Spain has been a laggard in the search for improving economic fundamentals. The news coming out of Spain has been dreadful from employment to house prices to mortgages and banking. But the first ray of hope appeared yesterday when it was reported that late payments on loans granted by banks, savings banks and cooperatives fell for the first time in two years.
According to the numbers released by the Bank of Spain the delinquency rate for June 2009 stood at 4.488%, down from May’s 4.563% and the first fall since July 2007. Mind you, the rate of delinquency is still at levels not seen since 1996. But this is the first countertrend in the upward march of financial distress for Spanish mortgage holders.
Nevertheless, the news was not all good yesterday. Edward Hugh reported the same day that twenty percent of Spanish mortgages are now considered high risk.
According to an article which appeared in the Spanish newspaper Expansion this morning, one in five Spanish mortgages is now considered as being high risk and liable to become “non performing”.
The mortgages at greatest risk are naturally those contracted after 2005 where the loan to valuation was over 80% of the total. In 2006 and 2007, according to data from the bank of Spain, LtVs were over 80% in 17.7% of the mortgages granted, since prices are now heading back towards the 2005 level, we can easily conclude that something in the region of one in five Spanish mortgages are now high risk.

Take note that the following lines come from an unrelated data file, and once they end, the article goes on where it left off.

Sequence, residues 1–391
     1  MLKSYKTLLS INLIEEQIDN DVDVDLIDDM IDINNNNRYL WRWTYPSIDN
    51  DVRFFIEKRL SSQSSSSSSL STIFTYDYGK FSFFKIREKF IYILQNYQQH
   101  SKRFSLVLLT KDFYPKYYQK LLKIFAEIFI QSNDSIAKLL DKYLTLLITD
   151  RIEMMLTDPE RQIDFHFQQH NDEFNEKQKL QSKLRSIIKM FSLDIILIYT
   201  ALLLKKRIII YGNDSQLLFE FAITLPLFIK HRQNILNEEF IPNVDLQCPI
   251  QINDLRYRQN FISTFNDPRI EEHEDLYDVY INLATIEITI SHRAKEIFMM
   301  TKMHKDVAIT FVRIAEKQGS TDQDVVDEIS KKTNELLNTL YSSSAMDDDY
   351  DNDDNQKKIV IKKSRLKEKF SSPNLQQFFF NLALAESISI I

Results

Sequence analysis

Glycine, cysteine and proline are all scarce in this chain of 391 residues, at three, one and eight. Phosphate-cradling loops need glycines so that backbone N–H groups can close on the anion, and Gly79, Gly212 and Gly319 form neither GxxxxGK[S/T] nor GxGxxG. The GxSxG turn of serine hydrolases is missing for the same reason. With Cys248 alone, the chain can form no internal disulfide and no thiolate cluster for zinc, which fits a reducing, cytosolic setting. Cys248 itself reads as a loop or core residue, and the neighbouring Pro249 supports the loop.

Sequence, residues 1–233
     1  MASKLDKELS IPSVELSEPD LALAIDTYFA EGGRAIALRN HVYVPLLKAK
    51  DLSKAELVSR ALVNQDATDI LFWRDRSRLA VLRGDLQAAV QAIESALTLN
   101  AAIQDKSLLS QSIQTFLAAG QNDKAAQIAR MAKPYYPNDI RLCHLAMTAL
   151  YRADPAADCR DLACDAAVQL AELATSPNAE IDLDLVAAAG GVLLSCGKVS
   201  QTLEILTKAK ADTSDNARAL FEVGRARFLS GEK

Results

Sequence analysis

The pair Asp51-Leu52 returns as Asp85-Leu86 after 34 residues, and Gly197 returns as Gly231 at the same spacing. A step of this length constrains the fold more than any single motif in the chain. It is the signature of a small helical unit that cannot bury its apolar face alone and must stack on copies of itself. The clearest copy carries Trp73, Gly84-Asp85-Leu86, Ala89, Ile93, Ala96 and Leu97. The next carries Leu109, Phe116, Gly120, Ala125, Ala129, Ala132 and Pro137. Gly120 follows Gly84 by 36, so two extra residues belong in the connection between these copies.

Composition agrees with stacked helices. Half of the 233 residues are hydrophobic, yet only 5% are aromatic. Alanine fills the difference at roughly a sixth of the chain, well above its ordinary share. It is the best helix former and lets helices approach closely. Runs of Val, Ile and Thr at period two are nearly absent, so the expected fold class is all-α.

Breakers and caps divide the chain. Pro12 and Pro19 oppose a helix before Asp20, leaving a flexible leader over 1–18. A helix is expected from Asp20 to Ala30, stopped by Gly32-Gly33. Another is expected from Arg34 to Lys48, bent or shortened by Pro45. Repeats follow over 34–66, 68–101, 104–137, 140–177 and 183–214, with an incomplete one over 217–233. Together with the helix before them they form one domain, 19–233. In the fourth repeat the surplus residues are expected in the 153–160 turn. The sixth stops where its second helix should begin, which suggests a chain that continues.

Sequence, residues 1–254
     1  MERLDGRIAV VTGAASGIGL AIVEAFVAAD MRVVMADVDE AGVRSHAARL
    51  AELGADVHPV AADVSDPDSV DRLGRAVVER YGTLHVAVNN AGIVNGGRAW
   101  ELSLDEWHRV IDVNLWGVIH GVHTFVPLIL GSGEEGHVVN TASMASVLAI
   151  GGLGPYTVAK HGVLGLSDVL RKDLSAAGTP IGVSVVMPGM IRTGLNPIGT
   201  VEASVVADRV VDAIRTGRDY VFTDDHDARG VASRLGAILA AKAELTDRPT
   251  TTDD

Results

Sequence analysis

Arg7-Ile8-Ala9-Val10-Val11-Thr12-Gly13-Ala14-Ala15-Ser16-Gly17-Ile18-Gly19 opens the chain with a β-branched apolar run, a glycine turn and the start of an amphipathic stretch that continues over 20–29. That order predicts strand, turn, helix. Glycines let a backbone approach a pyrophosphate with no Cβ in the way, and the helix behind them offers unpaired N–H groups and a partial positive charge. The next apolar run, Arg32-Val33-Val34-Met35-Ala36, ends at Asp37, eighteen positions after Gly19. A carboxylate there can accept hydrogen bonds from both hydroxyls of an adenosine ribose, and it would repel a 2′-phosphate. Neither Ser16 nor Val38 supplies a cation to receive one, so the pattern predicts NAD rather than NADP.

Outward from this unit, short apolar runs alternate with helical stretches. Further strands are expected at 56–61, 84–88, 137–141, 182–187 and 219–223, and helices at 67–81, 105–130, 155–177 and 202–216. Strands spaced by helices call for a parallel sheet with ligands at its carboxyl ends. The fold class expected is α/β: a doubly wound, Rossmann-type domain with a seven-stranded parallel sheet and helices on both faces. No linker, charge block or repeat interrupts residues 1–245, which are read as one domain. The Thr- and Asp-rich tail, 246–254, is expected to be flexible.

Prior to 2006, the main source of data comes from a study by Genworth Financial, who show that loans with +80% LtV rose from 12.2% in 1996 to 26.4% in 2005 (see chart below which comes from Expansion). These loans were especially popular between 2003 and 2006, but then started to decline as the decision of the ECB to raise interest rates made the likelihood of a price correction rise sharply.
It is the Spanish savings banks, the cajas, which are most affected by delinquency and high risk loans. See my April post “Spain’s savings banks may have 40 billion in writedowns.” The big Spanish banks are in a much better capital position. Just today, it was leaked that BBVA is expected to win a government-run auction for the troubled American lender Guaranty Financial. The FDIC had set a deadline for today for bids.
Both BBVA and Santander have used the credit crisis as an opportunity to strengthen their position internationally. Santander previously bought Sovereign Bancorp in the US and Alliance and Leicester in the UK. For some time now, BBVA has been making a tactical expansion into the Sun Belt markets in the US, an area with a large Spanish-speaking population. Obviously, the purchase of Guaranty fits into that strategy.
Santander has a market capitalization of over 80 billion Euros (nearly $120 billion) while BBVA has a market cap over 40 billion Euros (nearly $60 billion). By comparison, only Goldman Sachs, Wells Fargo, JPMorgan Chase and Bank of America are bigger in the U.S., a country with six times the population of Spain. So, these are very international banks of enormous size, well regarded in the capital markets.
So while Spain is a country still beset with problems, especially in the banking sector, there is an extreme dichotomy between the fortunes of the international big banks and the domestic savings banks.